Project Leader, Organisation
Andre Drenth, University of Queensland
A key strength of Australia’s banana industry is the relative freedom from disease, achieved through exclusion, early detection, containment or eradication. IN addition to a range of known emerging diseases, Indonesia has a unique disease called banana blood disease caused by the bacterium Ralstonia syzgii subsp. Celebesensis. In the last two decades banana blood disease has spread dramatically and is now present across a large part of the Indonesian archipelago as well as peninsular Malaysia. No effective resistance to this disease has been identified which means that management of this disease relies on early detection, exclusion and eradication of infected plants.
Objectives and impact
A Small Initiative project funded by the Plant Biosecurity CRC revealed that banana blood disease has spread significantly in the last decade in Indonesia. Indonesia’s most widely grown banana ‘Pisang kepok’ is highly susceptible to banana blood disease. The presence and spread of this disease has a major impact on banana production in Indonesia and beyond, including Australia which is till disease-free.
Diagnostics has been validated as part of the previous CRC project and there is evidence that the disease spreads locally by insects that visit the male bell of the banana inflorescence, contaminated tools and soil, and longer distances by infected planting material. Options to contain and manage the disease still need to be evaluated. To this end, we plan field trials in Indonesia aimed to:
- Determine when and how infection of the banana plant occurs
- Investigate differences in transmission between banana varieties P. kapok (ABB) and AAA varieties including Cavendish
- Determine the critical timing of covering or removing male flowers to prevent infection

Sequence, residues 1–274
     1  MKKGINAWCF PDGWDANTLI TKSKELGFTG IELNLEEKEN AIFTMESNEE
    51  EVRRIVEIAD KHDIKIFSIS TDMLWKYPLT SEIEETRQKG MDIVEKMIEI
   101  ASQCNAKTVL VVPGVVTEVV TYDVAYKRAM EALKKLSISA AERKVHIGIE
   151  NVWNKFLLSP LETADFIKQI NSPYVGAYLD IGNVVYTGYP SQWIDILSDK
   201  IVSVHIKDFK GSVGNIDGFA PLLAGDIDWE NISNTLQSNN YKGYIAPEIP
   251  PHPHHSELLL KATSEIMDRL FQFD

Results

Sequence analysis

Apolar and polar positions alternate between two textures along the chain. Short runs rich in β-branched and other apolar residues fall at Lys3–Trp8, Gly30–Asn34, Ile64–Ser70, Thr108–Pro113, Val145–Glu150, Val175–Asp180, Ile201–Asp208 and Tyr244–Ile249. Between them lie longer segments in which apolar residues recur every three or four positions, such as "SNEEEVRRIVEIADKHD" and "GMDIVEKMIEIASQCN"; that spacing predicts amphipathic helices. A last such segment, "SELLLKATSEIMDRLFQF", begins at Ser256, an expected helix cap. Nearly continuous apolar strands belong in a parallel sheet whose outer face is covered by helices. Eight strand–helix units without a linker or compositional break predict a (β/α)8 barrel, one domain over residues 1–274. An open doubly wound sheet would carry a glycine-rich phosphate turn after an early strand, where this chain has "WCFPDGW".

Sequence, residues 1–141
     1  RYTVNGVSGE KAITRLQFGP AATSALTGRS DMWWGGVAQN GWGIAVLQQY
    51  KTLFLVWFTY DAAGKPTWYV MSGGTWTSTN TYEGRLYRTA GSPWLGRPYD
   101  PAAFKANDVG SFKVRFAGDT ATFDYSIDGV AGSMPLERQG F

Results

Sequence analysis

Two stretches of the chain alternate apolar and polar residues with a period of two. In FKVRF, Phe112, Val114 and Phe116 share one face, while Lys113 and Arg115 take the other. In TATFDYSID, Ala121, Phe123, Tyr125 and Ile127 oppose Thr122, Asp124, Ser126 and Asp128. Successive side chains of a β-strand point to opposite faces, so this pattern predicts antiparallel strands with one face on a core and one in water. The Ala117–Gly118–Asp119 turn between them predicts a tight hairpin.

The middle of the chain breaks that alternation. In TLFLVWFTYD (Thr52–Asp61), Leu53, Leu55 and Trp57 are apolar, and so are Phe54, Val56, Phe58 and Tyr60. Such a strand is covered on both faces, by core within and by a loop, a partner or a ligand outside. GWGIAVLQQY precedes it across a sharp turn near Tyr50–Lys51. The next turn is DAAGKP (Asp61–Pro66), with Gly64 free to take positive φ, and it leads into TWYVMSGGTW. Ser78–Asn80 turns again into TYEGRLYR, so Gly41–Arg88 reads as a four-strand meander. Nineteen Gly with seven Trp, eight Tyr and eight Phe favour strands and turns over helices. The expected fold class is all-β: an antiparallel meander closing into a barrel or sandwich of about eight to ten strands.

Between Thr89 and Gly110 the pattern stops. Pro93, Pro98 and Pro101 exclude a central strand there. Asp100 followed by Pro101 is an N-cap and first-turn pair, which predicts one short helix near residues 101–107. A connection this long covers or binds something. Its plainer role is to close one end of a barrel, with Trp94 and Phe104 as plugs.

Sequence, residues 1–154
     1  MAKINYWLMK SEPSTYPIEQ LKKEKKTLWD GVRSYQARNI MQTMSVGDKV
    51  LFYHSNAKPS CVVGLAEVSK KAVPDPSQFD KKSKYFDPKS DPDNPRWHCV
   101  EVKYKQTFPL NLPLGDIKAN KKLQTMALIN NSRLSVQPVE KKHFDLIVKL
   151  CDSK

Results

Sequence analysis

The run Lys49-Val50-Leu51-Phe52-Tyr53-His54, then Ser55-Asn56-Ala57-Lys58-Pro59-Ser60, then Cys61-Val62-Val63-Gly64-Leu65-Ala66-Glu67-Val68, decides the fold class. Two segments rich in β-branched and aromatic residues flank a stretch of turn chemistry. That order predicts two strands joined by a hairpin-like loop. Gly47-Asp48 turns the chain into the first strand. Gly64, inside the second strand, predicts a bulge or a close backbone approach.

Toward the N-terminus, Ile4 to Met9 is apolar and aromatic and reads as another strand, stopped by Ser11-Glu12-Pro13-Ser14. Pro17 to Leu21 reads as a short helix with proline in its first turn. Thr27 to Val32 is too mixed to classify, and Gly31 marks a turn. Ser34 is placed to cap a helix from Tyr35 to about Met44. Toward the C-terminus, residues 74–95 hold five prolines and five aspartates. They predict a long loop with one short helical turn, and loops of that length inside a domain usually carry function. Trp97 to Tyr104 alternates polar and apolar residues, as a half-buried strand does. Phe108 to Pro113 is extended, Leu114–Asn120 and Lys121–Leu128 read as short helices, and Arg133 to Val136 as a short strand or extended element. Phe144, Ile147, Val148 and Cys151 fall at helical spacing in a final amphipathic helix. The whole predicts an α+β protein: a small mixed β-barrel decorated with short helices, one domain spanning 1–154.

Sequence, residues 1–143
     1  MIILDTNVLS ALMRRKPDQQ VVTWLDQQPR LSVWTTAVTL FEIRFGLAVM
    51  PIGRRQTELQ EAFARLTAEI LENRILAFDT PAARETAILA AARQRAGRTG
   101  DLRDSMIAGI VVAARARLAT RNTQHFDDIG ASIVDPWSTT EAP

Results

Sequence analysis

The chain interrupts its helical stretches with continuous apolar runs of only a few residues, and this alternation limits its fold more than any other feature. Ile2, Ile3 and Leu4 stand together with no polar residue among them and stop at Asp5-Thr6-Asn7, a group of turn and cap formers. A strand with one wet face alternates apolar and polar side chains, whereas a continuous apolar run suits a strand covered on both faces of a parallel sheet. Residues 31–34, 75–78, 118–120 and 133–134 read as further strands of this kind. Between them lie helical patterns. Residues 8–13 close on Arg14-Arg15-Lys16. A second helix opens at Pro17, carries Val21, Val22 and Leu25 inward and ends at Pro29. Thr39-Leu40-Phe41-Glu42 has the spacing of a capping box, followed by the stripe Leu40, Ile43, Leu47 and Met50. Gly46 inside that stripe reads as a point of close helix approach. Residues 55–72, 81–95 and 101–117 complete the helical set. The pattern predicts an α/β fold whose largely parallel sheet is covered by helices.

- Determine the importance of tool and soil transmission
- Develop management strategies with Indonesian researchers
- Develop strong enduring collaboration between Indonesian and Australian researchers
Blood disease is exotic to Australia so all experimental work to understand the biology of this disease was completed in Indonesia. To understand the biology of this disease it was necessary to conduct experiments on full grown mature flowering banana plants and potted banana plants of kepok and Cavendish banana varieties. A field trial site was established in Bantul, Special region of Yogyakarta, Java, Indonesia and potted banana plants were set up in a shade house at UGM. Laboratory work was conducted at the UGM and at a field laboratory specifically set up for this project located close to the field trial site in Bantul.
Through scientific experimentation, we have provided evidence concerning the biology of infection. Our research provided evidence that i) infection occurs through the male and female inflorescence, ii) the disease is highly tool transmissible and iii) that mother plants can transmit the disease to suckers. Our studies revealed that both Cavendish and Kepok banana varieties are susceptible to blood disease. The scientific experiments conducted as part of this project provide evidence concerning the effectiveness of methods to prevent spread and infection. The experimental results were then used to develop a science based management plan. The management strategy included a series of recommendations such as tool sanitisation, de-belling with a forked stick, removal/destruction of diseased mats, bagging, and use of tissue culture plants.
The findings of this project are significant and are a positive step forward in preventing crop loss due to blood disease in banana. In order to reduce the losses of banana blood disease in South East Asia it is imperative to raise awareness of this disease, its importance and the methods that can be applied to control the disease and mitigate its spread. Areas for further research have been identified to refine and tailor the control methods to better suit end users. Heightened awareness by government departments, industry and smallholder growers of blood disease and its control is urgently required to prevent blood disease from further expanding its geographic spread and to prevent crop loss in locations where it occurs.
The Project Final Report can be downloaded here.